More DW Blogs DW.COM

Adventure Sports

with Stefan Nestler

HACE, the hidden danger

Dr. Tobias Merz (l.) and his co-expedition leader Dr. Urs Hefti on top of Himlung Himal (© T. Merz)

Dr. Tobias Merz (l.) and his co-expedition leader Dr. Urs Hefti on top of Himlung Himal (© T. Merz)

20 doctors, nearly twice as many test persons. The Swiss research expedition to the seven-thousander Himlung Himal in fall 2013 had the objective to investigate the effects of high altitude on the human body. More than two years later, the first results are there to see. I have talked about it to Dr. Tobias Merz. The 46-year-old is a senior physician at the Department of Intensive Care Medicine at the University Hospital in Bern. Since his youth, Merz has been doing sports in the mountains. So it’s no coincidence that he has committed himself to high altitude medicine too. “In intensive care medicin a disease takes organ systems to the limits of the possible, in high-altitude medicine external conditions are responsible for this,” says Merz. Before going on expedition to Himlang Himal, he had already experienced high altitude as a climber in the Andes and the Himalayas. On the eight-thousander Shishapangma, Merz had reached a height of about 7,600 meters. He then had had to give up his own summit ambitions because he had been needed for a rescue. On Himlung Himal, he stood on the highest point.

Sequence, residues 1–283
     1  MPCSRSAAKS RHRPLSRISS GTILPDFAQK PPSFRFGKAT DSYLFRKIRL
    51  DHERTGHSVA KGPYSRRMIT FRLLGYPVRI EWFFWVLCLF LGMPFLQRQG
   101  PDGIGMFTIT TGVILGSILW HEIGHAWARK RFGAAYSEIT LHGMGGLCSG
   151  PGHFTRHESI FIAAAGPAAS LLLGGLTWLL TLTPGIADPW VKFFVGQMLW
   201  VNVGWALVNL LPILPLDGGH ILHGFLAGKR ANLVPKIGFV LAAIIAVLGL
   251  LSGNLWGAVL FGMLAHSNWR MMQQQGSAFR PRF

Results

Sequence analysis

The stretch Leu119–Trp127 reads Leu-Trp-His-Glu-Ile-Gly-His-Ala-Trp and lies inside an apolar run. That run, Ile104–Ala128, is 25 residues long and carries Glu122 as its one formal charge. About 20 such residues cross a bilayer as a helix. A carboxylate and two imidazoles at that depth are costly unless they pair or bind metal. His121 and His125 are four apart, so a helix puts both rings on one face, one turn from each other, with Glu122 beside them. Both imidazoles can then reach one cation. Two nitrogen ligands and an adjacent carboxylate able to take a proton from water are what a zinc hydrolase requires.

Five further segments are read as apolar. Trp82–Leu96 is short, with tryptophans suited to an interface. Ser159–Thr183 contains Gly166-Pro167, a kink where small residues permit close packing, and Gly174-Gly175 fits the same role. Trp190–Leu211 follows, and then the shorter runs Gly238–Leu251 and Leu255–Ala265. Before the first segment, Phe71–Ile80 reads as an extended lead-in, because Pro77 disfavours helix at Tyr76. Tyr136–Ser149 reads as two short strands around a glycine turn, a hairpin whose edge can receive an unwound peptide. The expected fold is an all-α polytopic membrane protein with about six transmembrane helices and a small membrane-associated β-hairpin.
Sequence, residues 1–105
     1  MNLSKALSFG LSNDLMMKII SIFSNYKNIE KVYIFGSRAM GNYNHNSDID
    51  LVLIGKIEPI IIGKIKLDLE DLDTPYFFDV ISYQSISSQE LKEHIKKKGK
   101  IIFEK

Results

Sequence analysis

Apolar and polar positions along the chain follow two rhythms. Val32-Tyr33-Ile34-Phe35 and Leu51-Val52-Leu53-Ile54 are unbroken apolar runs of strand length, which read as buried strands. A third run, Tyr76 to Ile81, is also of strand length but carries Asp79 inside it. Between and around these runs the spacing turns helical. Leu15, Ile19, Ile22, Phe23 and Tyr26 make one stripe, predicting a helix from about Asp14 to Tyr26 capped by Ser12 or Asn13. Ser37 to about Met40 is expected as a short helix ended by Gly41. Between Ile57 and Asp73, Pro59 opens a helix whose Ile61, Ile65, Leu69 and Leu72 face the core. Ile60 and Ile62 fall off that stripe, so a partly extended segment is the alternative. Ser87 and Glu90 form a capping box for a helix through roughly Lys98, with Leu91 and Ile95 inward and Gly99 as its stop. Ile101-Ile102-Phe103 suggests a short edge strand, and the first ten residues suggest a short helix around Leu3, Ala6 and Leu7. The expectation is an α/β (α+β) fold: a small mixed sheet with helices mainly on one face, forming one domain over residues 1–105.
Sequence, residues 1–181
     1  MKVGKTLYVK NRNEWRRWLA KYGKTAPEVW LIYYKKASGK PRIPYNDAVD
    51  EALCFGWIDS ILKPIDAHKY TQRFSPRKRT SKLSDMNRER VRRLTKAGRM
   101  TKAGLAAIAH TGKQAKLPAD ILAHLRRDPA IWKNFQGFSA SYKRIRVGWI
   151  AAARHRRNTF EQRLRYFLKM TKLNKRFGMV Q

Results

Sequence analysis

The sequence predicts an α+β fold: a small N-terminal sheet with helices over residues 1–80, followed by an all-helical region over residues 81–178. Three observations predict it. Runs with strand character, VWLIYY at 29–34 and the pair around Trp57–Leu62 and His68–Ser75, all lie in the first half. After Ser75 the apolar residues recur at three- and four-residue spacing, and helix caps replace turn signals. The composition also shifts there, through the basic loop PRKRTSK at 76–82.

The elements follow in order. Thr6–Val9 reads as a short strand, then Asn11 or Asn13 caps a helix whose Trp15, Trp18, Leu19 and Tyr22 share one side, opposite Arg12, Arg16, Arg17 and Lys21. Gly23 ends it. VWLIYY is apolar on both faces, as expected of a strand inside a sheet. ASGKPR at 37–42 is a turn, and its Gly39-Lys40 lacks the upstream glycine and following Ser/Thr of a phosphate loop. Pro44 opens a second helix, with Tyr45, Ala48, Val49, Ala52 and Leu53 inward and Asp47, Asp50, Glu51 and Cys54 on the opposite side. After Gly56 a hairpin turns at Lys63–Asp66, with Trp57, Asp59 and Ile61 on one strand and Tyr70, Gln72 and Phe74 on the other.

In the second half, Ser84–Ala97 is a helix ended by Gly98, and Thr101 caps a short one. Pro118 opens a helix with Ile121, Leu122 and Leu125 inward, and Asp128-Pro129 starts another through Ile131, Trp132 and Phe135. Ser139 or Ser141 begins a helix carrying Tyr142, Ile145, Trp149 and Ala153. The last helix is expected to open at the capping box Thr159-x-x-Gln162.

Dr. Merz, in 2013 you reached the 7,126 meter-high summit of Himlung Himal. Do you feel somewhat queasy in hindsight if you look at your first research findings?

I already knew that high altitude climbing is a high-risk sport and that it takes you to limits of physiology and rationality. For me, the results were more a confirmation of what I had suspected and less a huge surprise.

But you have worked out something worrying for high altitude mountaineers.

We actually had two important results. One is very reassuring, one very worrying.

On ascent (© T. Merz)

On ascent (© T. Merz)

Let’s start with the bad news.